Skin Care and Treatments of Melbourne Dermatology - Green Tea (Camellia Sinensis) Polyphenolic Antioxidants and Skin Photoprotection

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Green Tea (Camellia Sinensis) Polyphenolic Antioxidants and Skin Photoprotection

Green Tea (Camellia Sinensis) Polyphenolic Antioxidants and Skin Photoprotection

Green tea is consumed as a popular beverage worldwide particularly in Asian countries like China, Korea, Japan and India.

It contains polyphenolic compounds also known as epicatechins, which are antioxidant in nature.

Many laboratories have shown that topical treatment or oral consumption of green tea polyphenols inhibits chemical carcinogen- or ultraviolet radiation-induced skin tumorigenesis in different animal models.

Studies have shown that green tea extract also possesses anti-inflammatory activity.

These anti-inflammatory and anti-carcinogenic properties of green tea are due to their polyphenolic constituents present therein.

The major and most chemopreventive constituent in green tea responsible for these biochemical or pharmacological effects is epigallocatechin-3-gallate (EGCG).

Understanding the molecular mechanisms of these effects of green tea is a subject of investigation in many laboratories.

Treatment of green tea polyphenols to skin has been shown to modulate the biochemical pathways involved in inflammatory responses, cell proliferation and responses of chemical tumor promoters as well as ultraviolet (UV) light-induced inflammatory markers of skin inflammation.

Topical treatment with EGCG on mouse skin also results in prevention of UVB-induced immunosuppression, and oxidative stress.

The photoprotective effects of green tea treatment on human skin either topically or consumed orally against UV light-induced inflammatory or carcinogenic responses are not well understood.

Based on documented extensive beneficial effects of green tea on mouse skin models and very little in human skin, many pharmaceutical and cosmetic companies are supplementing their skin care products with green tea extracts.

Related Skin Care Information, Products and Expert Discussions

Skin photoprotection by green tea: antioxidant and immunomodulatory effects

Dr. Albert Laporte

Green tea polyphenol (—)-epigallocatechin-3-gallate treatment of human skin inhibits ultraviolet radiation-induced oxidative stress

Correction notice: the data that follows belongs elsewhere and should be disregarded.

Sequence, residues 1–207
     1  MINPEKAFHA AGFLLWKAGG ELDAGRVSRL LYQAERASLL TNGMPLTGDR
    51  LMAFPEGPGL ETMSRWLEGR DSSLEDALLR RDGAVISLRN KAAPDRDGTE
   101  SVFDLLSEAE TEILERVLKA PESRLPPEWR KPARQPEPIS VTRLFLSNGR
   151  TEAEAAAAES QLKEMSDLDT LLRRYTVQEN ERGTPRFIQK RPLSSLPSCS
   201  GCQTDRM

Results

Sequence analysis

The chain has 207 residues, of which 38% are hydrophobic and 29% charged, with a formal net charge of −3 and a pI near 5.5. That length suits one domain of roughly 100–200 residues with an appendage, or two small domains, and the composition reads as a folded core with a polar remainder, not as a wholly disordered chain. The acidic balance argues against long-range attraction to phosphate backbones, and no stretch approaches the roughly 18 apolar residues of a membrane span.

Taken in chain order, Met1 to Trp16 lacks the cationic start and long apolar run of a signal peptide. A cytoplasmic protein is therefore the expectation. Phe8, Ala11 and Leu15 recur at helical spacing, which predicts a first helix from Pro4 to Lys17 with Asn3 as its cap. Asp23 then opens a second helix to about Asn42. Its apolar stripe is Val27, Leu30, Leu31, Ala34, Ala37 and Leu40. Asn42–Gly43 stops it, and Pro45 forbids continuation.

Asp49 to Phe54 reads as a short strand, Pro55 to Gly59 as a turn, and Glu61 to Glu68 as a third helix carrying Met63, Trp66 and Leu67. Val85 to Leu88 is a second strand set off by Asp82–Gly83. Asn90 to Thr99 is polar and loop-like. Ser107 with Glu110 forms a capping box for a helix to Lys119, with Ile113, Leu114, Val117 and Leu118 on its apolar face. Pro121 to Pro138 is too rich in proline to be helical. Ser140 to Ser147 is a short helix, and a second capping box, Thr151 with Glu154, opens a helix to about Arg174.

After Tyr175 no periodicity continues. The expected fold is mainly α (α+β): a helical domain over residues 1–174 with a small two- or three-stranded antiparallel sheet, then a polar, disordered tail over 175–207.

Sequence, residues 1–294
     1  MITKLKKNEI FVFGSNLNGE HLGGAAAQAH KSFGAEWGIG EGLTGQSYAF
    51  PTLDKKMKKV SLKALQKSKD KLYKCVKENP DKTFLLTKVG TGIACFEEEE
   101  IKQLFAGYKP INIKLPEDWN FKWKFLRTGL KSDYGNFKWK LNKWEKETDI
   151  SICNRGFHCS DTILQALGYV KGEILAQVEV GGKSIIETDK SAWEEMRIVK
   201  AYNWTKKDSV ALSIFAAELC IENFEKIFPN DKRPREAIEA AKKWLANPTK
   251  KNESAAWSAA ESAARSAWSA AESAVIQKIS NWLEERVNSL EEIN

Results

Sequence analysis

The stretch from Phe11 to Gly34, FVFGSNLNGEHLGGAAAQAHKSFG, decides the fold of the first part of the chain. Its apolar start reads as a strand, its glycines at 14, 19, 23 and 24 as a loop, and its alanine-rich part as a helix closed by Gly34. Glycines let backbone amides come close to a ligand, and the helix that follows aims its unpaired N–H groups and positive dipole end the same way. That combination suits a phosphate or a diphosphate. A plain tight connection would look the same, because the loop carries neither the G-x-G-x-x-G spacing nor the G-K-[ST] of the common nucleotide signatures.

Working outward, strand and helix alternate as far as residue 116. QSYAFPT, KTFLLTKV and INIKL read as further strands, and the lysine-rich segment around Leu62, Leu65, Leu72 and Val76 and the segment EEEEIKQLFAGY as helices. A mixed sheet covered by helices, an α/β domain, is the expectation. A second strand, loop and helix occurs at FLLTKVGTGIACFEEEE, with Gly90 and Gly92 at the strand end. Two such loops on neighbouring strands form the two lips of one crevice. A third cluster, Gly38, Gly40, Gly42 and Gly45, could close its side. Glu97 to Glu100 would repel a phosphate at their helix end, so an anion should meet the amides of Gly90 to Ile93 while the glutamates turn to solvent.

Cosmetic Dermatology Newsletter Summer 2007

Photoprotective effects of green tea polyphenols


Skin Care: July 2007 :

Bungling Avobenzone : Ascorbic Acid vs. Ascorbyl Palmitate — The Primary Antioxidant/Firming Quandry (2007) : Result: Jan Marini Age Intervention Eye Cream : PhytoMelanin™ Augments Revised Jan Marini Antioxidant Daily Face Protectant SPF 30 Formula : What is PhytoMelanin™? : Claimed Additional Benefit of New Jan Marini SPF 30 Formula : New Higher Strength Azelaic Acid Formulation Available : Quack: Chiral Skin Care by Charlatans : New Jan Marini Age Intervention Hair : SK-II with "Pitera" : Strivectin Review : Improving Results from Skinceuticals Corrective Moisturizers and Antioxidant Serums while Reducing Use : Combining Jan Marini C-ESTA with Gernetic Myo/Myoso : Topical L-Ascorbic Acid: Percutaneous Absorption Studies (Dermatol Surg. 2001;27:137-142) : Green Tea (Camellia Sinensis) Polyphenolic Antioxidants and Skin Photoprotection : Milk Thistle : Brown Patches (Upper Lip Region) — Hyperpigmentation Treatment : Jan Marini Age Intervention Hair for Alopecia Universalis : New: Darphin Azahar Cleansing Micellar Water (for Sensitive Skin) : Sovage Idebenol Facial Antioxidant Cream — 0% Idebenone : Jan Marini Skin Zyme Mask with/without Clean Zyme Cleanser : Caution Regarding Melanotan : Alternative to Jan Marini Bioglycolic Eye Cream : X-Uidl [Thornley] :


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